Twelve years ago, when right winger Lee Stempniak was about to enter the league as a fifth-round draft pick of the St. Louis Blues, Ulf Andersson of Elite Prospects said of him: "Stempniak is a speedy winger with good all-around ability. Can play in most situations, and has a very good shot. Lacks size, though." After 12 years and 800 games in the NHL, his size doesn't appear to have held Stempniak back.
This offseason, he bounced to his 10th different team, the Carolina Hurricanes. Despite not being able to stick in one city for long, Stempniak has had an impact on each team he has been on.
Canes general manager Ron Francis said the Stempniak acquisition was important for the young club because he "is a veteran, skilled forward who will provide offense for our team, as well as leadership on and off the ice." That leadership piece is hard to nail down, but there are clues that he is having an impact.
Over the years, Stempniak has accumulated a lot of goals and four appearances in the Stanley Cup playoffs for three different teams. He is tough around the net and is an aggressive skater.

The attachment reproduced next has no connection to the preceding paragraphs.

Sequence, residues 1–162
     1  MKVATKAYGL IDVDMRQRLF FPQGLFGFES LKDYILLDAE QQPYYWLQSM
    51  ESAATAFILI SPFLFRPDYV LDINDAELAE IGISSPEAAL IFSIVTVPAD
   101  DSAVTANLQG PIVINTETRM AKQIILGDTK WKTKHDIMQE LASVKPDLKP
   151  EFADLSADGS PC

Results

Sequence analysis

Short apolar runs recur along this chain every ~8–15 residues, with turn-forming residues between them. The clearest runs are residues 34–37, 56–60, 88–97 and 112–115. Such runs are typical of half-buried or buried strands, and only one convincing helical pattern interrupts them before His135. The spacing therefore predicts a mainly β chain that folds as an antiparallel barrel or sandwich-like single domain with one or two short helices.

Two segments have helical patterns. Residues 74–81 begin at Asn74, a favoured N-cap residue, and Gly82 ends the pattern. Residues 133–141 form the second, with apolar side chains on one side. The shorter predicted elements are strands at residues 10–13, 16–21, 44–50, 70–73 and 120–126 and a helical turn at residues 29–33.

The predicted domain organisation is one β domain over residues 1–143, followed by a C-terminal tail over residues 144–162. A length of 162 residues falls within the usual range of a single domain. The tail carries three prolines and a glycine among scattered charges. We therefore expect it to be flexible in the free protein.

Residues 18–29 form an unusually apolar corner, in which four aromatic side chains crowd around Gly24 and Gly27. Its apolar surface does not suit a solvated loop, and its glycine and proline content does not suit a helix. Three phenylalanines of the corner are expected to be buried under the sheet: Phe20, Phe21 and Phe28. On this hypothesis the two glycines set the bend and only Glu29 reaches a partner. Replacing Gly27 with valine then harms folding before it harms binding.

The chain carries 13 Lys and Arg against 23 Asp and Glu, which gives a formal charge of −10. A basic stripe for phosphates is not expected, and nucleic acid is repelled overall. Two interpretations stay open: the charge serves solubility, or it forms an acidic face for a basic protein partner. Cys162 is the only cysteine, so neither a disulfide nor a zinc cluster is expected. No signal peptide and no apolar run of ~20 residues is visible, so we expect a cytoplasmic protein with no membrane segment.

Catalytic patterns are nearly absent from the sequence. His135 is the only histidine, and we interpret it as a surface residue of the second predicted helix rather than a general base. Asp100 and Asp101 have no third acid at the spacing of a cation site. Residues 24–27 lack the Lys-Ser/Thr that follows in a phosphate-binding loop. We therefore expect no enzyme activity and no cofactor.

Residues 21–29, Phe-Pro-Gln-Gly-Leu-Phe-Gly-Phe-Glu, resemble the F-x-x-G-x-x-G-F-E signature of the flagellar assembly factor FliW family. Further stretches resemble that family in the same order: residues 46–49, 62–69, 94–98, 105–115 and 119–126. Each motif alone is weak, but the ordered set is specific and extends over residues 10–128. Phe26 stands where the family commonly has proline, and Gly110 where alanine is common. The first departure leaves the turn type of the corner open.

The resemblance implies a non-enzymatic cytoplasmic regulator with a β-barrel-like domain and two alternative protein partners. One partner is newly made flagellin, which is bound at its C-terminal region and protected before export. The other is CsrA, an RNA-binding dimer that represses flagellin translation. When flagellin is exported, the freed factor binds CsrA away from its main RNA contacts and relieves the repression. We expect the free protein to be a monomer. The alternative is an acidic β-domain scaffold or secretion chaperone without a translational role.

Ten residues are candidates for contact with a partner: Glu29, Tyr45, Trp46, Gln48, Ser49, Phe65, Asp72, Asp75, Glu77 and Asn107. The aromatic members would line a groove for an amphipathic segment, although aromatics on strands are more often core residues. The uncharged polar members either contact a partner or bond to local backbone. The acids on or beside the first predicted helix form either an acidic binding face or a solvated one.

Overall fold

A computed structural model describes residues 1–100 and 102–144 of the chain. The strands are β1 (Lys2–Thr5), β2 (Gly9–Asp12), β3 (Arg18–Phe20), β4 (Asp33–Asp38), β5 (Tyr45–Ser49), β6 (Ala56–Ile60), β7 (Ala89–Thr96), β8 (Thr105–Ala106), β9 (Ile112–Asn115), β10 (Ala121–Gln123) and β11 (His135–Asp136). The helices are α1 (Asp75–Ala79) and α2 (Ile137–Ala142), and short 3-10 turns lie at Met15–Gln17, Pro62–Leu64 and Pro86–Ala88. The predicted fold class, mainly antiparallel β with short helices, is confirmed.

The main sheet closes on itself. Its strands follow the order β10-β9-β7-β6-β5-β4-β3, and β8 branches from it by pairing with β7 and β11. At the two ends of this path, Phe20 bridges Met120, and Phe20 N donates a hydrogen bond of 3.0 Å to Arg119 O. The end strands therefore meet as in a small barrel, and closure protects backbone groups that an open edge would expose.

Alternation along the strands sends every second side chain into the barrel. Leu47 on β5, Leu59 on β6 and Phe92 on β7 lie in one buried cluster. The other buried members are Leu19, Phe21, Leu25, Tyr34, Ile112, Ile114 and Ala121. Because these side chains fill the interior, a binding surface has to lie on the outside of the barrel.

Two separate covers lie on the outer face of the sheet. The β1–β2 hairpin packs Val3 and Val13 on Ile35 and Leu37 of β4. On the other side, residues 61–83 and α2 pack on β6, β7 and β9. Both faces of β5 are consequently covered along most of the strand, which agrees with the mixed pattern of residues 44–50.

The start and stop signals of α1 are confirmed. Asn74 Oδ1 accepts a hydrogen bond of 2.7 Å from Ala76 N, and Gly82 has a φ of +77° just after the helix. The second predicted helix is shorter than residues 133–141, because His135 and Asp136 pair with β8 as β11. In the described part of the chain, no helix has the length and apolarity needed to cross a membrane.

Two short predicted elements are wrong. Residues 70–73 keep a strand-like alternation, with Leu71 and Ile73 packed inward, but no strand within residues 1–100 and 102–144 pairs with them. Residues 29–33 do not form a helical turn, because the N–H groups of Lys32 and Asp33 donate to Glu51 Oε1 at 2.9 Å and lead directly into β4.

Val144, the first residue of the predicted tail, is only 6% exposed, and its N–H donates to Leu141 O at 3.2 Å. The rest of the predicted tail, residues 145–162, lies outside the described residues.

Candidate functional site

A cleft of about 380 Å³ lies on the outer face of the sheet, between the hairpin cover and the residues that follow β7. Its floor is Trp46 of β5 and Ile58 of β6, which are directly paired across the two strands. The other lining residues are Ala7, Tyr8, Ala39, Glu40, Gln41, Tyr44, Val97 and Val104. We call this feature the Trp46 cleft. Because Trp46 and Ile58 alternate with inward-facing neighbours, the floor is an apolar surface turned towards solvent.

The Hurricanes have placed him on their top line along with Victor Rask and Jeff Skinner to start the season, and the move is paying off. Though Carolina is off to a slow start, bouncing between goaltenders, Stempniak and the offense are flying high. He is currently among the team leaders in goals and penalty minutes and leads the team in shooting percentage.
The offense, led by the Stempniak line, has so far carried Carolina. And over the course of his career, that has been a trend. Stempniak has recorded at least a dozen goals in 10 of the past 11 seasons. More importantly, in recent times, he has developed into a very accurate shooter who is great with puck possession.
Over the past three seasons (including 2016-17), Stempniak has recorded a Corsi-for percentage over 50 percent for every team he's been on except New Jersey. For the four other franchises, whenever Stempniak was on the ice, his teams took many more shots than their opponents.
He also is a hitter, despite his size, who is not averse to blocking shots. Not all wingers offer their teams as much as he does.
Outside of the statistics, Stempniak has become a valuable commodity as evidenced by nothing more than his transaction history. For three straight years, a team has acquired him by the trade deadline.
In fact, if the Hurricanes aren't able to pull themselves out of the basement in the Eastern Conference this season or next, Stempniak's name will surely be on the trade block once again. Teams always want moderately priced veterans who know how to work and are able to put the puck in the back of the net.
Despite never becoming an elite player at any of his stops, Stempniak is establishing a solid NHL legacy, no matter where his journeyman career takes him next.